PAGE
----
CHICAGO (CBS) -- One woman has a water bill of more than $8,000, even though she hasn't used a drop.
As CBS 2 Investigator Brad Edwards reported, it's all because she didn't understand the city's complicated rules for turning it off.
When we visited Tokiwa Hendricks' childhood home, she was afraid to take us inside.
"The house is not livable," she said.
The house has 16 safety violations. No one has lived there since her grandmother passed away in 2014.
"There's a lot of memories here," Hendricks said.
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Now, Hendricks just wants to repair the home. But she can't afford to do so, because the city slammed her with a water bill for $8,737.35 – for a house the city itself has declared "dangerous and unsafe."
"To say that someone was living in this house and water was being used – it's just that's not true," Hendricks said.
After her grandmother died, Hendricks did what most people do.
"We were still dealing with the grief of her loss," she said.
Hendricks never thought she would get charged for water no one uses. But Chicago has specific rules for shutting off water.
"We never knew that we had to register to have it vacant," Hendricks said.
She was supposed to pay a registration fee that officially tells the city that the house is empty. But because she didn't, the city billed her thousands.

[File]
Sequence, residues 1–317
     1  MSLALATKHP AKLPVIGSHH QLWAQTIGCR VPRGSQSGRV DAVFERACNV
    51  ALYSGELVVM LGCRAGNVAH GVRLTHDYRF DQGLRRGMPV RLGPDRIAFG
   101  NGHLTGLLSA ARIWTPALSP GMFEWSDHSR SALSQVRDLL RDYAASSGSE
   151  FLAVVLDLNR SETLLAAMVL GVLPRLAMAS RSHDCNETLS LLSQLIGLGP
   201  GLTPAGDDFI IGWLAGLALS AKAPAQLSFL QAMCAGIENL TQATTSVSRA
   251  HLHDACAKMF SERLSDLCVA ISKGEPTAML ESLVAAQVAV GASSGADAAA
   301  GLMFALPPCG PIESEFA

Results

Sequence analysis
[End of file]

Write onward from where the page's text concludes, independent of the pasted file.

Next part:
And the water is not running at the house.
"We don't have $8,000 to pay for water that wasn't being used," Hendricks said.
The house doesn't have a water meter, so Hendricks' bills don't show the zero gallons she used. The usage is estimated based on the house's size.
"They're just taking advantage of people because they don't know the proper steps," Hendricks said.
Hendricks forgot to register the house vacant, but the Water Department messed up too. They put multiple stickers on the house that say, "water transition" in big, bold letters.
But they never shut it off or stopped charging Hendricks.
"If you're putting stickers up saying you're going to turn it off, then why are you not turning it off?" Hendricks said.
What does the Water Department say? When Hendricks turned to the department for help, she said they suggested "a payment plan for water we never use."
So Hendricks scoured the internet for help, and came across our CBS 2 "Getting Hosed" series.
"Oh my gosh, like this is happening to a ton of people in Chicago," Hendricks said.
So far, we've done many stories, and have heard from dozens of others. We have also helped many.
"To know that your city is literally just taking money away from you needlessly just because they can? Like, that's not a good feeling," Hendricks said.
And so far, Hendricks is still getting hosed.
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